In IDM 3.5, I would use a Query token to find the specific object, say by DN, or Association value, and then use XPATH to get the value out of the returned document.
In IDM 3.0 you need to use one of the Java command processors. Here is a snippet that assumes you have the variable $Assoc assigned to the Association value for the object in AD. Alternatively you could specify the DN in the third field and leave the second one blank.
Please note: This particular snippet, is trying to get the DN of the object being referenced, more of a resolve Association to DN function (It is the /@src-dn at the end of the XPATH that does it). Someone found this article, but did not notice that distinction, and got frustrated that it was not working to query in general. Please chop off the /@src-dn in the XPATH in the sample below, if you want to entire result document in your local variable. (Also set the local variable to a type of node set as well!)
Do note that you will need to add the Java name space declaration to the policy object, either by editing the XML and editing the <policy> node to add the name space declaration, so that it looks something like:
One major downside of using the Java query functions is that the results are not stored in the cache for the lifetime of the policy object. See the articles about the Source/Destination Attribute tokens:
This means if you are trying to work on large amounts of data, then being forced to use this route means you loose efficiency of caching. Of course the flip side is something I ran into elsewhere, where the user was moving underneath me, while the event was running. In that case, I was very happy that the Java Query (and Query token) did not read from cache, so that I could loop and test until the value I was looking for changed, or arrived.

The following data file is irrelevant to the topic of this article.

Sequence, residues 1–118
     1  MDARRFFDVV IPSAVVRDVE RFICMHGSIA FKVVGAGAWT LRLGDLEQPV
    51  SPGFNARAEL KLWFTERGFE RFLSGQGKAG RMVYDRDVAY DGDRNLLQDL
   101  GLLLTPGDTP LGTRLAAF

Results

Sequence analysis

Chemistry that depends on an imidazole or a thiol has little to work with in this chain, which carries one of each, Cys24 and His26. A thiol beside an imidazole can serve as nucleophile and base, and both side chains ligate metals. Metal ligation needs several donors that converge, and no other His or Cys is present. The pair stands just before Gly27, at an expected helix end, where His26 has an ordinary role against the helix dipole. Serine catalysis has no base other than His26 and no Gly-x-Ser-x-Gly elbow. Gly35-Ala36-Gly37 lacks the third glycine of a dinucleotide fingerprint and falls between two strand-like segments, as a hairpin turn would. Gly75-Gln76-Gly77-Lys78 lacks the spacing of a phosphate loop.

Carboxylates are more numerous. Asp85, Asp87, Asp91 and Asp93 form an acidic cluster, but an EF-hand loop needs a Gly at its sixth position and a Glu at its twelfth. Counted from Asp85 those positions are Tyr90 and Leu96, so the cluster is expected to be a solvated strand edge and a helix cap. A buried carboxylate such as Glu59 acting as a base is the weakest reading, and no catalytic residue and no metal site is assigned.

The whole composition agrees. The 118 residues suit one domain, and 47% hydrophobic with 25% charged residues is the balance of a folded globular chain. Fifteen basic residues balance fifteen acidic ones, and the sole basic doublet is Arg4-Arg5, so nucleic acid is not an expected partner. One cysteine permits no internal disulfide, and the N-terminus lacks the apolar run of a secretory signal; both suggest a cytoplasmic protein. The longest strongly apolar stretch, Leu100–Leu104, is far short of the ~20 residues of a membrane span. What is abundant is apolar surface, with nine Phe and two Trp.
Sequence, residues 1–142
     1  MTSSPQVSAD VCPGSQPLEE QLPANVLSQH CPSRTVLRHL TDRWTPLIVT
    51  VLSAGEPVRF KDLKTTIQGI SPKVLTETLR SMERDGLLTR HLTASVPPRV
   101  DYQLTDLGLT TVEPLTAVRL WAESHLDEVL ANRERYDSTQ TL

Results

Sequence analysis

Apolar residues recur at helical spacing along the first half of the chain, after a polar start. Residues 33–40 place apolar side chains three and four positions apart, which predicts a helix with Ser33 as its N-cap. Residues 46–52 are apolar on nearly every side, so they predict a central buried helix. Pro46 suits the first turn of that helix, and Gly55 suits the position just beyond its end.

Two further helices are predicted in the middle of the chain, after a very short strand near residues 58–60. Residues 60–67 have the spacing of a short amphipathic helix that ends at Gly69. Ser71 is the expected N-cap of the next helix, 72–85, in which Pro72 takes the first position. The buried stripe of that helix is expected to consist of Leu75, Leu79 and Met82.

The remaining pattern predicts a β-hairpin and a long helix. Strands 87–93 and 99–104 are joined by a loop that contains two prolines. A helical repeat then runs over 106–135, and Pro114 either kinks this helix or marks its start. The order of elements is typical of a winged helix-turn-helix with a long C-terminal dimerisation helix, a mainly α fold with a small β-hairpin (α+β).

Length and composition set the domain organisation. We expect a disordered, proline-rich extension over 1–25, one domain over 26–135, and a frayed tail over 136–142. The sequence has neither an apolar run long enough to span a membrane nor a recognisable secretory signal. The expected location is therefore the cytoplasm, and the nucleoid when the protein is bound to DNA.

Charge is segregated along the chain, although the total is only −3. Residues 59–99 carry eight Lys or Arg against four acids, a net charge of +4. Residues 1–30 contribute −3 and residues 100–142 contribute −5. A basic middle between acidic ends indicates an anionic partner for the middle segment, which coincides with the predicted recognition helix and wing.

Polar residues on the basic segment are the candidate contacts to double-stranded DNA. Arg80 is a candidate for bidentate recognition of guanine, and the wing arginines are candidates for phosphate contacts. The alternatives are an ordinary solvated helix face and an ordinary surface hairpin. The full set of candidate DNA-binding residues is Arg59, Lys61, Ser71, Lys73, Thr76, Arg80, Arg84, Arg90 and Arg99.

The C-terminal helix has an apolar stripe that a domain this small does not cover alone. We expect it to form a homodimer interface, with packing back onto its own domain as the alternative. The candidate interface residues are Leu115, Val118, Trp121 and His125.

I used to think the Unique Name token was missing in 3.0, but I recently realized it was actually there. It just gets better in 3.5.
The absence of the Time/Convert Time token is quite painful for me. I never bothered learning how to use the Java Time class, since the syntax seemed complex and obscure. Besides, the first time the issue came up was at a 3.5 client, and Time/Convert Time tokens are such nice wrappers to the class, why ever would you want to use anything else? I submitted an Enhancement Request to ask that in Designer, where there is a Test button (Lovely feature by the way! Should be there for most any token that it makes sense for!) they should add a button that shows the Java Time equivalent command. We shall see if that ever happens, but that would make life easier.
To compare the usage of the two options (Time token vs Java time) compare these two sites:
An article about using the Time token:
Doing time conversions in IDM 3.5 is a pleasure. Doing it in IDM 3.0 via Java Time is a chore.
Mapping tables are one of those things that once you have them, you never want to go back to not having them. In hindsight however, if you wanted to get much the same functionality out of IDM 3.0.1, you can fairly easily handle certain cases.